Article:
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The “live site” in the Olympic Park — a grassy area where spectators can watch the events on a giant screen and listen to musical entertainment — is also unfinished.

“The bump-in looks quite messy, but you leave this to the last stages,” Mr. Bulley said. “It’s always the last thing you do in getting events ready. We want to work these venues right up to when the athletes are coming in so they look as good as possible.”

Olympic Park isn’t the only place getting dolled up.

So is Horse Guards Parade, the ceremonial parade ground a stone’s throw from the prime minister’s Downing Street residence in central London. The site of beach volleyball, it’s a temporary venue that requires stands and 5,000 tons of sand brought in from a quarry south of London. Imagine a giant sandbox. Work started only late last month after the Trooping the Color ceremony marking Queen Elizabeth II’s birthday.

Another key venue requiring special attention is ExCel. The conference and exhibition center in the Docklands area is being turned into multiple arenas hosting boxing, judo, table tennis, wrestling, fencing, tae kwon do and weightlifting.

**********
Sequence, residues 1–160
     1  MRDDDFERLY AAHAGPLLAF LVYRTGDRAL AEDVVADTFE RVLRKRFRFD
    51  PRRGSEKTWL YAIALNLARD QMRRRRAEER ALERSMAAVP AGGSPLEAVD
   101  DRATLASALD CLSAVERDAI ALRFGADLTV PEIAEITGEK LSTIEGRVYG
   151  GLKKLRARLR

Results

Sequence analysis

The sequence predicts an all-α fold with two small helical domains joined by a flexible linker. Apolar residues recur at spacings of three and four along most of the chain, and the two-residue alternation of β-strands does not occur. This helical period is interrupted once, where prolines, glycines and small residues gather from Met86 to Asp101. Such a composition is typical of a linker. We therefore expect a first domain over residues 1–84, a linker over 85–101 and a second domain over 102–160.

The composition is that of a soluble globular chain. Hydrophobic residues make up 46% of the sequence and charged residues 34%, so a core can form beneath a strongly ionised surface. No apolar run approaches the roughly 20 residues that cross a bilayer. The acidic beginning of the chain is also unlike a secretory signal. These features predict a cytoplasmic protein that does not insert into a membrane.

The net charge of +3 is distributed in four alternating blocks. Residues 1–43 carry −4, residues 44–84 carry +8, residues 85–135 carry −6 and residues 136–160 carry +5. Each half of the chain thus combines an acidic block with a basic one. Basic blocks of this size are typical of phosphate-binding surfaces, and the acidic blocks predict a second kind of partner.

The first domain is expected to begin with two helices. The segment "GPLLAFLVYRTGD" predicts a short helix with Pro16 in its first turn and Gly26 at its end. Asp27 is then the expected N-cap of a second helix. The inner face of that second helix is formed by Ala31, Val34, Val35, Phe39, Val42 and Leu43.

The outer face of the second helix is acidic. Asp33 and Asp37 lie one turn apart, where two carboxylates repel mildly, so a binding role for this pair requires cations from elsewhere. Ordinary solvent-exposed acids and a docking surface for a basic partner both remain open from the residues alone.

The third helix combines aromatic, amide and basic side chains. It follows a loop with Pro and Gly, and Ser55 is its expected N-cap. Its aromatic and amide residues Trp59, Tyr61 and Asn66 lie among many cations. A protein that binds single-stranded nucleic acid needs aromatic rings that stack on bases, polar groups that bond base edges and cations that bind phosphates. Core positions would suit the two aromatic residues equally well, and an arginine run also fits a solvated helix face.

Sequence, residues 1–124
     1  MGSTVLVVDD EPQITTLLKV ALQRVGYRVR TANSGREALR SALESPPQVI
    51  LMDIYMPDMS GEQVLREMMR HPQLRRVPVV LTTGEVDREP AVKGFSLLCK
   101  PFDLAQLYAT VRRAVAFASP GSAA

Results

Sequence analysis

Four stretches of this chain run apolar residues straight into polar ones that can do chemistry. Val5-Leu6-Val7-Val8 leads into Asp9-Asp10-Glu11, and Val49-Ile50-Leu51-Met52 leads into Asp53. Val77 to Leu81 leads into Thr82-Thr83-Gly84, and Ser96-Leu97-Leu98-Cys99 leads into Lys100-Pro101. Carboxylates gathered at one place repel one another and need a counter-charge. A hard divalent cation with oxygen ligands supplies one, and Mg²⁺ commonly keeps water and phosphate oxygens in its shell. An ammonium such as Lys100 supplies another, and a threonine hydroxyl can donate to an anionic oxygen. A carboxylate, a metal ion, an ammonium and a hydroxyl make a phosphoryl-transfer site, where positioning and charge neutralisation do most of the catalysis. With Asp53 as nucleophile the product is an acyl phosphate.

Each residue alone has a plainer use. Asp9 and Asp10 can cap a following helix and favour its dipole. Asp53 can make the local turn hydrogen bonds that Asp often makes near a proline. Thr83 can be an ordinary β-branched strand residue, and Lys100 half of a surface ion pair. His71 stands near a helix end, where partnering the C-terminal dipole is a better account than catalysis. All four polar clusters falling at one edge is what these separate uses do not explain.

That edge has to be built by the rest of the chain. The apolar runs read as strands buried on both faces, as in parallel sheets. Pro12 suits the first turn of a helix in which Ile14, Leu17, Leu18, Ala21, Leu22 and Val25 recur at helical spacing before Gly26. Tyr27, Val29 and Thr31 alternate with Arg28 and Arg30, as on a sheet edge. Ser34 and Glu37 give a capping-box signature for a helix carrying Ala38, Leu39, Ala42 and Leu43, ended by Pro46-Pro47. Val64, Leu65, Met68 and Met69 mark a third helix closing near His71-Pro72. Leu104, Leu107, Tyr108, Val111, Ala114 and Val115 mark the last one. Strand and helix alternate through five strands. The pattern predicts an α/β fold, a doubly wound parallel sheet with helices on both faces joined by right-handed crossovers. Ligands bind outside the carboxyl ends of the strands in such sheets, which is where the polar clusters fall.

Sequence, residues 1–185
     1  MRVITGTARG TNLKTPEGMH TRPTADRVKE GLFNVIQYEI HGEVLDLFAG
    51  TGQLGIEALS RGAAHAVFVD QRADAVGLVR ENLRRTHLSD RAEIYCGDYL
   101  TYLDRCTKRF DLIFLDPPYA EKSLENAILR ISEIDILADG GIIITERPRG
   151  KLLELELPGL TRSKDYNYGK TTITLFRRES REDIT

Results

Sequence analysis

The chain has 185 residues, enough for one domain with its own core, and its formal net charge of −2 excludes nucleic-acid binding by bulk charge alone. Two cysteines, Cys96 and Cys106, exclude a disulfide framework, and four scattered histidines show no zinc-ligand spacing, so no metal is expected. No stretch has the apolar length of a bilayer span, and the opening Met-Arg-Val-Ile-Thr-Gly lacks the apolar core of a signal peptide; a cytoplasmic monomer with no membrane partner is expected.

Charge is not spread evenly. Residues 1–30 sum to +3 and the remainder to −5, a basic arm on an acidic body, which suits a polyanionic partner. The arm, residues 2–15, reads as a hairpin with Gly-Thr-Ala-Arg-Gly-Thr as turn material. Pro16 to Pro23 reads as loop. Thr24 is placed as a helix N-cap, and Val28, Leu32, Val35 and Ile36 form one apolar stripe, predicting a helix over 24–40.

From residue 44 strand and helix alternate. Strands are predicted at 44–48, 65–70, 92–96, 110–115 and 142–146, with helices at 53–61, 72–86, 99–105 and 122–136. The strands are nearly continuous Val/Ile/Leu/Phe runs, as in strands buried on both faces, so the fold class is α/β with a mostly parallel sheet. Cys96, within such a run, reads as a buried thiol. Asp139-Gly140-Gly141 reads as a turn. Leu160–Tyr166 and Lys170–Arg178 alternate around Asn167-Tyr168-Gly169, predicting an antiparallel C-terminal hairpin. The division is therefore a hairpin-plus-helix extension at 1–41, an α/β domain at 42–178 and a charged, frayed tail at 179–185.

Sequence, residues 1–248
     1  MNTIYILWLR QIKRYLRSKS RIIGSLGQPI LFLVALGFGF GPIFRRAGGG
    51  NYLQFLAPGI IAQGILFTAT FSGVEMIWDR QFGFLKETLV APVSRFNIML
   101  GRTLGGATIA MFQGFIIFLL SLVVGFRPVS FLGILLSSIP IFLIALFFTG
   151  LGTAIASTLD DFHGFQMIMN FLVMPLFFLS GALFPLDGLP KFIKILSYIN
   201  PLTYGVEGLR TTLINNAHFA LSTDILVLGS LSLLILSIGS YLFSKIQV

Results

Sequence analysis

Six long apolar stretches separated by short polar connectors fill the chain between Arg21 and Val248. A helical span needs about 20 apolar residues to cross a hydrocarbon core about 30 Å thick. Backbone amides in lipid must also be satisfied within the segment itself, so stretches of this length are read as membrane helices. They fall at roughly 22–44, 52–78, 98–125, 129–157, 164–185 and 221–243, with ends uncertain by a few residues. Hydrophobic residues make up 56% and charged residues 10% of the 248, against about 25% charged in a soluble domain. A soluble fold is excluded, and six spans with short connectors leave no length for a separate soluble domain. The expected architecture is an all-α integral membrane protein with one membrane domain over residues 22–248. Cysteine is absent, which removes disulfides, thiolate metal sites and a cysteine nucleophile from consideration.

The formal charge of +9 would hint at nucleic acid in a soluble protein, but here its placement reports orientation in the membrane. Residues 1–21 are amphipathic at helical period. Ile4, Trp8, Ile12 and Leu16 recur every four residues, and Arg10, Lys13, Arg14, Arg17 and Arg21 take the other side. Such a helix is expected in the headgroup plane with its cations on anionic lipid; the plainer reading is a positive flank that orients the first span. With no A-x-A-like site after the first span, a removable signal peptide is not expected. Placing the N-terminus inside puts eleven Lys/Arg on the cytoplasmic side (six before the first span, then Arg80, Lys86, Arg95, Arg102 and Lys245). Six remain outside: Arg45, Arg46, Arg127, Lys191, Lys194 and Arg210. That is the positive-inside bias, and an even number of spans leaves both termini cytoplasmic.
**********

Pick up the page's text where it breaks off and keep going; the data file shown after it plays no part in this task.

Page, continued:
“We’re well advanced,” Mr. Bulley said. “We’ll be ready to hand those arenas over as of early next week. We took the venues later than many of the others. We’ve always known the period we’ve had to deliver these venues. We track them very closely. We’re in super shape.”

International Olympic Committee President Jacques Rogge said it’s normal for host cities to face a flurry of last-ditch issues.

“It’s not peculiar for London,” he said. “We’ve always had difficulties in the days leading up to the games in the previous games, and the games were of an impeccable nature. This is something that does not worry us. We’re confident that everything will be fine by the opening ceremony day.”

Even Andrew Boff, a member of the London Assembly and vocal critic of the Olympic project, has no doubts.

“It’s the nature of any games,” he said. “They look unfinished before you get there. But the venues are ready. They’ve been tested. You can do a lot in 12 days. If it weren’t ready, Seb Coe would have his lordship or knighthood taken away.”

Associated Press writers Danica Kirka and Chris Lehourites contributed to this report.